100 pairs of the same running shoes … the Nike Pegasus has remained the workhorse of victory, launched in 1983, it is the all-time best-selling running shoe.
May 5, 2020
Today I bought my 100th pair of Nike Pegasus running shoes. Now in its 37th design generation, the Pegasus model has come a long way, and endures at the heart of the Nike range. I’ve been running for over 40 years now, incredibly (but of course I don’t feel that old because I’m a runner!), and I’ve stayed loyal to this shoe in all that time, though its many design interpretations.
I bought my first pair of Pegasus in 1983. I actually remember the day. Living in the north east of England, I was immersed in a region of great running heritage. As a 9 year old, I had started running with a pair of Nike Wally Waffles, a kids version of the early waffle trainer, and inspired by the recently retired Brendan Foster, who had brought the Nike brand to England.
By 1983, when I was 16 and winning north of England 1500m championships myself, the global force in athletics was another Tyneside athlete, Steve Cram. 1983 was a big year for Cram, winning the World Championships 1500m, and stepping up to superstardom. Nike had latched onto Cram, like they had years earlier with Michael Jordan, creating a Cram range of clothing and shoes in his distinctive black and yellow colour scheme. And Pegasus shoes too.
Every shoe brand creates a wide range of shoes, from cheaper to expensive, with a wide range of applications (indeed in the last 12 months I have bought a pair of Pegasus Turbo for fast workouts, and Pegasus Trail for the mountains). But Pegasus has always been a mid-range shoe – you can train in, and race in – not cheap, but it’s not expensive either (actually less that half the price of Nike’s most premium shoes, like the AlphaFlys, of Kipchoge marathon fame).
These days I live in Teddington, just outside London, a town full of runners who cross paths on their daily runs in the nearby royal parks, Bushy and Richmond, and along the River Thames. It’s home to four times Olympic champion Mo Farah too, another Nike sponsored athlete. Of course, he could have any running shoe he wanted, and even gets them customised with his name and logo. But look closely, and you will see that he also most often chooses the Pegasus to churn out the miles.
I’m never quite sure when brands update a trusted model. Will the next version be as good as this one, can it be, do they really need to change it? So when Nike said the Pegasus 37 was coming soon, I quickly bought up some remaining 36’s, just in case. And now the 37 is here. I needn’t have worried, the Pegasus has evolved, but always stayed true to itself, and each version has always been a step forwards.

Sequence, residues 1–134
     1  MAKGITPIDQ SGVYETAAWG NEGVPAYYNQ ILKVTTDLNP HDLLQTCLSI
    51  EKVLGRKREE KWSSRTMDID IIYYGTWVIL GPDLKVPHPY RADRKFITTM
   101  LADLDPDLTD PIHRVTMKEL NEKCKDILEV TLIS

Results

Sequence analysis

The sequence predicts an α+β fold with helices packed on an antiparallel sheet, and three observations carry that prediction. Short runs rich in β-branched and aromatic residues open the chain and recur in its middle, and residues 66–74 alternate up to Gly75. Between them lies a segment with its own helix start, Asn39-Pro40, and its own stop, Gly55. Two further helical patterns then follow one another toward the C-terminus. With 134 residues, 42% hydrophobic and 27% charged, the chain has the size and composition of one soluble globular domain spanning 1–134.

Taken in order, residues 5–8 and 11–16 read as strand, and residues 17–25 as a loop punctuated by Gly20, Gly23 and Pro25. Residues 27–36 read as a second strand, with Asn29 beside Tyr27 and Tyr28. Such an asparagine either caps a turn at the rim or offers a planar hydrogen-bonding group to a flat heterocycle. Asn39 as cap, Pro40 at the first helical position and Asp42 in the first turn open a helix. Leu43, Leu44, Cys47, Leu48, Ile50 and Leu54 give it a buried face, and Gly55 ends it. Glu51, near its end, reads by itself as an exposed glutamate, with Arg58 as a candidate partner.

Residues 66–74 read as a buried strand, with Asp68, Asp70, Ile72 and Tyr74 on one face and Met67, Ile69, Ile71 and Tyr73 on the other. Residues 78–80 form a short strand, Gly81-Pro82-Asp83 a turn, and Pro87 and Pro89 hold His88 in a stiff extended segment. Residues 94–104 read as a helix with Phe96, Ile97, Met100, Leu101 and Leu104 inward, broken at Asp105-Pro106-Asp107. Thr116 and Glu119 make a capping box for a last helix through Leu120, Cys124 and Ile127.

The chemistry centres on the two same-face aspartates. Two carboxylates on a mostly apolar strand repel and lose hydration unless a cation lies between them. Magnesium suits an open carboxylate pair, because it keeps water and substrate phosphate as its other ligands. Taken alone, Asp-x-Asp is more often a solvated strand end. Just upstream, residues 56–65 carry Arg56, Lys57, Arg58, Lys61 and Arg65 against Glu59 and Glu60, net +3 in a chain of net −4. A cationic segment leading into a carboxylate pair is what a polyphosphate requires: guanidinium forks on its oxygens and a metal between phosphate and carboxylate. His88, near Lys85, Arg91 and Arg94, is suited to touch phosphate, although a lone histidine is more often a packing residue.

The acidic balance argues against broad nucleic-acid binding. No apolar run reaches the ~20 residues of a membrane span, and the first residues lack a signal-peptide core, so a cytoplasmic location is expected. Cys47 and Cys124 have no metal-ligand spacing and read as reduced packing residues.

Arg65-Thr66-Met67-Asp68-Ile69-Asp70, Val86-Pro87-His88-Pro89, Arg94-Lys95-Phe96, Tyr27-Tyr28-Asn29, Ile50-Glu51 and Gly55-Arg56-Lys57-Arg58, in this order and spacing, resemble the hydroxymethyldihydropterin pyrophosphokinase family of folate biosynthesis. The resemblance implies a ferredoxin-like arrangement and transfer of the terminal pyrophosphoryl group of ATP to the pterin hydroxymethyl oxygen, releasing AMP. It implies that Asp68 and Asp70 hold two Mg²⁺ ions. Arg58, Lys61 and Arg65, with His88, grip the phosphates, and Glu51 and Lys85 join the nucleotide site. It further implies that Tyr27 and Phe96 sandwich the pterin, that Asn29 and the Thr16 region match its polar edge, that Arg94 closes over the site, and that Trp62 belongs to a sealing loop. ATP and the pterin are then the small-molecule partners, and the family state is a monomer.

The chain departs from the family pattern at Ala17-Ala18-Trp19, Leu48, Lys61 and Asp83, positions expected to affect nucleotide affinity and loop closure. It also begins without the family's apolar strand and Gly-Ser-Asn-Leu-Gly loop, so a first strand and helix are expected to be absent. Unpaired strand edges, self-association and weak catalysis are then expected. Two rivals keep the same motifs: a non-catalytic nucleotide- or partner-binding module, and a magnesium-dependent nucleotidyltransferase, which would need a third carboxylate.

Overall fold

Oh, and here is how Nike remembers it’s most enduring shoe too.
Nike introduced the Pegasus, intended to be the shoe for every runner, in 1983. It was designed to be half air (similar to the winged half-horse it was named after) to represent movement, quickness and the allure of flying. In its 35 years of life, it has undergone major technology shifts and supported training efforts of countless everyday runners and even some of the world’s best distance runners. But it wasn’t always Nike’s golden running shoe:
1. It’s Nike’s all-time best-selling running shoe.
2. NIKE, Inc. Chairman, President and CEO, Mark Parker, was part of the team credited with making the first Peg. At the time, he was the manager of advanced product designs and the director of design concepts and engineering.
3. The Pegasus was the first shoe to feature an Air Wedge, a heel-only Air unit that, according to an October 1982 Nike catalog, “improves shock absorption by 12 percent over an EVA wedge” (which it replaced). In fact, it’s why the shoe was originally called the Air Wedge Trainer.
4. A children’s model became part of the line-up in 1987.
5. Visible Air was introduced to the shoe in 1996.
6. NIKE, Inc. founder, Phil Knight, may be wearing a Pegasus (in black) right now. He’s been spotted in Peg at black-tie events, public speaking appearances and between meetings at Nike’s World Campus in Beaverton, Oregon.
7. The franchise was temporarily dropped from the line in 1997. In 1998, it was renamed the Arma, and the technology (essentially) remained in the line. It made its official return to the line in 2000 as the Air Pegasus 2000, which was designed by Air Max Plus designer Sean McDowell as part of the newly created Bowerman Series (a collection dedicated to making consistent, dependable footwear for runners by runners).
8. In 2004 and for the first time in Pegasus history, the women’s version was adapted specifically for the anatomy of the female foot. The women’s saddle was made more “curvaceous,” and the medial support was increased. It wasn’t until 2006 that it became completely gender specific. And for 2018, if offers responsive Cushlon foam specifically tuned for women for the first time.
9. It’s the first non-basketball shoe to feature Nike FlyEase.
10. The 2018 Peg takes inspiration from the Zoom Vaporfly 4%, and for the first time offers a full-length articulated Zoom Airbag. (To prove an Airbag could be curved similarly to the way the 4%’s carbon-fibre plate was, the designer heated an Airbag in his microwave then wrapped it around a beer mug).
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